One of the largest teacher education studies in history kicked off at CPUT recently.
The Centre for International Teacher Education (CITE) launched the initiative with a seminar on Education, Teacher and Social Cohesion at Mowbray Campus where research teams from participating universities from across the globe presented.
Led by Prof Yusuf Sayed, director of the CPUT-based CITE and also SARCHI Research Chair in Teacher Education, explained that the proposed study is entitled, “Engaging teachers in peace-building in post-conflict contexts: Evaluating Education interventions in South Africa, Pakistan & Rwanda.”
Funded by UNICEF and the ESRC/DFID Poverty Alleviation Fund the study is a research collaboration between CITE and the UK-based universities of Sussex and Bristol, University of Rwanda, Department of Basic Education and UNICEF.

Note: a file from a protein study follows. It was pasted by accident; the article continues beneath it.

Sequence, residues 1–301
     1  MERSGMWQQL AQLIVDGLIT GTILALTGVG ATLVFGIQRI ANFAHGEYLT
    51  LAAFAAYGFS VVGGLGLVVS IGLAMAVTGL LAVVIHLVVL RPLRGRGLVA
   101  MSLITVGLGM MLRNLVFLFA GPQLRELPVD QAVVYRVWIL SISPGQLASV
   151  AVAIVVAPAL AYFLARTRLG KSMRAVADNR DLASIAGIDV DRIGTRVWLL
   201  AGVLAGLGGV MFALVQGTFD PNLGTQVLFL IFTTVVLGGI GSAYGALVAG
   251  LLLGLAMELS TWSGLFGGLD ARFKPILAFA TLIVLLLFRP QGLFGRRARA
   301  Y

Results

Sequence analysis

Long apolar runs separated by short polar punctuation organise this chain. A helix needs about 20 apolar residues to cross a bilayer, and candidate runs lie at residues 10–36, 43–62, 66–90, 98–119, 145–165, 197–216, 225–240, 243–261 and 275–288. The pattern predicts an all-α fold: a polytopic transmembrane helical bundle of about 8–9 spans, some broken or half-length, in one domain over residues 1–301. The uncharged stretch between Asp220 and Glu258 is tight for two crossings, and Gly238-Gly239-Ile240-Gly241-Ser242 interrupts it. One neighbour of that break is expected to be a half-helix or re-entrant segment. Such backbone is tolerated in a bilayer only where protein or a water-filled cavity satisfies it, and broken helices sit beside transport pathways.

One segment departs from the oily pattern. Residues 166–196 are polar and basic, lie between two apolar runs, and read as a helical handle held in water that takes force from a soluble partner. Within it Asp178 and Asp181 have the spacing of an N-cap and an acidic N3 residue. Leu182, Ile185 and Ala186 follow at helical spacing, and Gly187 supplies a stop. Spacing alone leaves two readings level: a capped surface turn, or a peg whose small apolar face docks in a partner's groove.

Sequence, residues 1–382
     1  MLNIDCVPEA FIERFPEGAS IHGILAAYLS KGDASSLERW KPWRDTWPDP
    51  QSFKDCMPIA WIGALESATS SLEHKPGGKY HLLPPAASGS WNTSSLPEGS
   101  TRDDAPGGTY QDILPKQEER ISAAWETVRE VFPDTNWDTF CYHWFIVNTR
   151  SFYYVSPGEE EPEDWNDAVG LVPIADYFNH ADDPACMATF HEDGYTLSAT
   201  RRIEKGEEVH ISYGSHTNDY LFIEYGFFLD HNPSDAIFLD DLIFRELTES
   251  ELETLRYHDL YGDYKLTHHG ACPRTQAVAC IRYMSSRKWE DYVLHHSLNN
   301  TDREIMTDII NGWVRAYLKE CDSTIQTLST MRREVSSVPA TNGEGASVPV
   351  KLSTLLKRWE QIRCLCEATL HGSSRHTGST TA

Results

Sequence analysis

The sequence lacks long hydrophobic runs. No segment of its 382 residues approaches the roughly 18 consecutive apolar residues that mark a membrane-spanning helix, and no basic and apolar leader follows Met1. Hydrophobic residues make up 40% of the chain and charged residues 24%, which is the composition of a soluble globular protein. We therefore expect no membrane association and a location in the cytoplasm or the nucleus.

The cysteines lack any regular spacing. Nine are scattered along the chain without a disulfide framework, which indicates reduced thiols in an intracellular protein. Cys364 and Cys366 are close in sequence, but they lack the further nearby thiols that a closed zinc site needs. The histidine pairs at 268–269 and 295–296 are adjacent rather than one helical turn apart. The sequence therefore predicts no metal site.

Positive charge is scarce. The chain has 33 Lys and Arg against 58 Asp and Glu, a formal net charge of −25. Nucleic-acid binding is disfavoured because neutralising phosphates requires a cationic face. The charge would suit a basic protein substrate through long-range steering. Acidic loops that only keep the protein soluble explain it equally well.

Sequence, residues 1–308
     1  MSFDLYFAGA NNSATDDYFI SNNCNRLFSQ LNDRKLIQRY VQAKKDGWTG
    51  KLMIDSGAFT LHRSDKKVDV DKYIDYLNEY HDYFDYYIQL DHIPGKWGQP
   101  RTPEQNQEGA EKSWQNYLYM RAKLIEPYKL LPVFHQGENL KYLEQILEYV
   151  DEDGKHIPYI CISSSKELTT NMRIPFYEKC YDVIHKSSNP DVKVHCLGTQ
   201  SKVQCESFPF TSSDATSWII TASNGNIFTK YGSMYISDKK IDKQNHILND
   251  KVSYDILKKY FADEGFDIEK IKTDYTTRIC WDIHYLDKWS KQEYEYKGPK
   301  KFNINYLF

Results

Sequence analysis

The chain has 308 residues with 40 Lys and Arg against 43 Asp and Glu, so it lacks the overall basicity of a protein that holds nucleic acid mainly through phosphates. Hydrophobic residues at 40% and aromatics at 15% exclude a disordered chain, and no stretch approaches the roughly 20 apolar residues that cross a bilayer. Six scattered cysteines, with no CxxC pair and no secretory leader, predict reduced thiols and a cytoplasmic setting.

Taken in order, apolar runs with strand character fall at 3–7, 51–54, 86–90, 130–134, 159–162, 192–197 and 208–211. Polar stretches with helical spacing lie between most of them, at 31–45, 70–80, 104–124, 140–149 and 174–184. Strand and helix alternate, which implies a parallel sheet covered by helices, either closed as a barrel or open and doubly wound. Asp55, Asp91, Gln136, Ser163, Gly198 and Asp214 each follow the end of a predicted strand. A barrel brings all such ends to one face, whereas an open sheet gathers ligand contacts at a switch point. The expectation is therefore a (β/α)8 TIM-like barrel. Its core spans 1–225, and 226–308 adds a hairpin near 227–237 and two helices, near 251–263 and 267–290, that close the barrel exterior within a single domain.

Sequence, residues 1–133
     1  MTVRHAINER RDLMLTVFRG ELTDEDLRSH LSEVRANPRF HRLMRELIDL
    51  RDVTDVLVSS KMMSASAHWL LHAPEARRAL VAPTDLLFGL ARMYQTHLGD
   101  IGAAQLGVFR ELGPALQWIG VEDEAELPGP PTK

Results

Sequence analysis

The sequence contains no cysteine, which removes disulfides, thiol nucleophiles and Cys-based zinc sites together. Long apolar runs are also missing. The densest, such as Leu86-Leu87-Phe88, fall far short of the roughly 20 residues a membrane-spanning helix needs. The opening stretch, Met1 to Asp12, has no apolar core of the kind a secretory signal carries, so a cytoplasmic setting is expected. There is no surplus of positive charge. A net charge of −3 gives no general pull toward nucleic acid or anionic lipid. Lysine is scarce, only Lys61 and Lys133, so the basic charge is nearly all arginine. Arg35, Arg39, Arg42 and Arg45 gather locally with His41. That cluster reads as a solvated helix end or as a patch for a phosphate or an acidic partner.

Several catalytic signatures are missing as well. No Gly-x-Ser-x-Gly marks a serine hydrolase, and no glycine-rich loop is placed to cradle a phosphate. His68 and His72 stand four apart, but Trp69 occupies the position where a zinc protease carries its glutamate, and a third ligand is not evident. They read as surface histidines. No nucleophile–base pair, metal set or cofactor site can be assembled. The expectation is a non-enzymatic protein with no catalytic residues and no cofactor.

Its overarching aim is to identify elements of education policy interventions that have enabled teachers to become active agents of peace-building in post-conflict countries, and that may inform future interventions.
In each of the three countries three research sites will be selected where the interventions are or were implemented in the capital city, a rural area and an urban location.
During the seminar Sayed unpacked the perceived roles of teachers in the South African context and discussed various dimensions on which the research will focus.